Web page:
DEAR ABBY: In October l986, my father was diagnosed with terminal cancer. My mother nursed him at home after surgery revealed there was nothing more the doctors could do for him. He was not the ideal husband or father. He had been an alcoholic for 10 years, during which he missed all family events, including my high school graduation. My mother refused to leave him, saying he would only end up homeless on the streets.
After battling the cancer for three painful months, Dad died on New Year's Day. Needless to say, his passing was very hard on Mother. At the end, my father told my mother how sorry he was and thanked her for being such a good wife to him.
A few days before his funeral, Mother decided to go to the bank at the mall to deposit $200 in cash and checks that friends and family had sent us, and which we desperately needed. She stood outside the bank filling out her deposit slip when she realized the bank had not yet opened, so she decided to return the next day.
A few hours after she returned home, there was a knock at the door. I answered it and was greeted by a young couple who explained they had found cash and checks on the counter outside the bank in the mall. In her grief, Mother had left behind her deposit! The couple found her address on her deposit slip and drove around but couldn't find the street. After stopping at a few gas stations for directions with no luck, they finally had to stop and buy a map. They handed me the money, and my mother stood speechless. When I closed the door and turned around, tears were rolling down her face.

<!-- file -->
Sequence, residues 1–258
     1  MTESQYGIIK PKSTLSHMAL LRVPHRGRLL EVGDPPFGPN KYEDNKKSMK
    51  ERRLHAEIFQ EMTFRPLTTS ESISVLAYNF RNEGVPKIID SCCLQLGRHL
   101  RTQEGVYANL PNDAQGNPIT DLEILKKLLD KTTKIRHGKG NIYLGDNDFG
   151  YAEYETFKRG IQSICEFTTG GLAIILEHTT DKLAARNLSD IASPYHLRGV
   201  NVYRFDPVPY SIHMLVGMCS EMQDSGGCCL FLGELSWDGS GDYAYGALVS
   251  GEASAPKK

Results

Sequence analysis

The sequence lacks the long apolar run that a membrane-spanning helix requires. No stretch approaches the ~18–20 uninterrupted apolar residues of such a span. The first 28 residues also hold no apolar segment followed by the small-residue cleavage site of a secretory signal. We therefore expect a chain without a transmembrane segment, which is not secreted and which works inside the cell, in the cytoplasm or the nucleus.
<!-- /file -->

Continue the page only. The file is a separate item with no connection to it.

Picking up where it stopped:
We still talk about that incident, wishing we had taken the name and phone number of that young couple. They never knew how much their act of kindness has meant to us. Since then, if we find anything of value, we try our very best to locate its owner. We hope that unselfish couple reads this, because we'd like to finally say thank you. -- ESTHER AND LETICIA WHITAKER, SAN JOSE, CALIF.
DEAR ESTHER AND LETICIA: Thank you for your heartwarming letter, which illustrates that making time to do the right thing can make a world of difference.
DEAR ABBY: Our daughter and her husband visit us often with their darling baby girl. The problem is our son-in-law seems to think it's great fun to play "tickle-tickle" with our granddaughter, who is only 3 months old. He tickles the baby constantly, and we cringe every time he does. To us, it looks more like torture.
How can we tell our son-in-law, without hurting his feelings, that we think his behavior is not good for the baby? -- CARING GRANDPARENTS, NASHUA, N.H.
DEAR CARING GRANDPARENTS: Your son-in-law is uninformed about the effect tickling has on babies. He most likely considers his actions playful and harmless, but doctors say that excessive tickling stimulates infants inappropriately and instead of experiencing pleasure, they experience pain. Show this column to your daughter, and ask her to have a talk with her husband.
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